Sunday, May 22, 2011

Buildings from the inside

We took a pleasant diversion from trying to figure out the significance of Obama's speech (and Netanyahu's response) by means of Batim MiBifnim (Buildings from Within), the annual two day event in which scores of public buildings, studios, businesses and private apartments throw open their doors to thousands of the curious - us included. We arrived at a project on a rooftop in Florentin where a group of artists had put together a creation built of wood scrap and other discarded junk. Not exactly a completed building, more an exercise in creative recycling.

Inside one of the newly created rooms a candelabra made out of upturned salt shakers.

In an old flower mill turned into a design studio we found another creative use for an ordinary household object.

Later, on Rothschild, I noticed that someone had knitted some socks onto the feet of Dizengoff's horse.

On Rabin Square, Tel Aviv's equivalent of Cairo's Tahrir, the newly renovated 'ecological pool' (water lillies, fountain, goldfish and all) revealed what had been hidden from the public and the public seemed to be lapping it up.

The Middle East is in turmoil, Obama and Netanyahu trade speeches in New York on the outlines of a Palestinian state but here on a warm Saturday morning in Tel Aviv all seemed tranquil.

Tonight there was a demonstration outside the US embassy though - perhaps the beginning of less tranquil times ahead?
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Saturday, May 14, 2011

Up Up and Away (yes)

Yes, we had to get up at 3.30 a.m., gulp a Turkish coffee on the Rooftop and hit the road. But by about 6.30, this was the scene. Moran , our trusty 'pilot' is shooting blasts of hot air into the balloon that will take us over 'bitronot Ruhama' (the Ruhama Badlands). Anticipation among the ballooners - a mixed bunch of young couples, friends, a father and daughter (and us) - is running high.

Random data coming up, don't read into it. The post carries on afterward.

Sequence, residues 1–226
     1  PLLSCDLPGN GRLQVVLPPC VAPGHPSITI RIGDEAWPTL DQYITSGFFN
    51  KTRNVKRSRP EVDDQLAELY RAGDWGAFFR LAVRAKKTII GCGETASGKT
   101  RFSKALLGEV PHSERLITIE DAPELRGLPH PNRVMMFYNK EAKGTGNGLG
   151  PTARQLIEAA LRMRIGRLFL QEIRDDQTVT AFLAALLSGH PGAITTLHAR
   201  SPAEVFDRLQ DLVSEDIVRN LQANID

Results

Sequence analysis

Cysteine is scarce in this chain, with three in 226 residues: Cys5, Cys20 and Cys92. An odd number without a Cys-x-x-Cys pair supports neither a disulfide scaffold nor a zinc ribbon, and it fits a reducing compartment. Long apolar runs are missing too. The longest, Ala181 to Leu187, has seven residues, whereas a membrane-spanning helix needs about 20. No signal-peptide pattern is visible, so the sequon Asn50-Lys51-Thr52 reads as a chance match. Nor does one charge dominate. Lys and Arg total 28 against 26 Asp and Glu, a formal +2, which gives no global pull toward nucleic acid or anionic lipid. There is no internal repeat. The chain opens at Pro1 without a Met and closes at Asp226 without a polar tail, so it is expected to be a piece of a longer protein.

With the balloon beginning to rise, we clamber into the padded cubicles that make up the basket - and, almost imperceptibly, the whole contraption rises into the air.

At first you are at tree top level.

Then, without noticing, a little higher, and able to make out the patterns on the mosaic floor of a Byzantine church. 

And before you can say Phileas Fogg, you are several hundred metres up and looking down on a smaller balloon (the honeymoon flight) and across a wide vista of shifting clouds, the landscape suddenly illuminated by the rising sun (worth clicking on this one).

Sderot and Gaza are a short distance to the west, Hebron is slightly farther to the east, but in this elevated state you are aware only of the glories of nature. Up, up and away from the follies of mankind. Escapism, pure and literal.

From above, the landscape might have rendered by an abstract artist.

Two mules run across the newly harvested wheat fields. Moran takes us down, reminding us to hang on tight and bend our knees and we shudder to a halt across another empty field.

Exhiliarated and ravenous we toast each other with  plastic cups of Cava, sit down to a hearty breakfast in an idyllic spot before heading back to the Rooftop - and the follies of man.

Re-Remembering David Crosby

               We recently saw the film David Crosby: Remember My Name at the Tel Aviv Cinematheque and as I write, I’m listenin...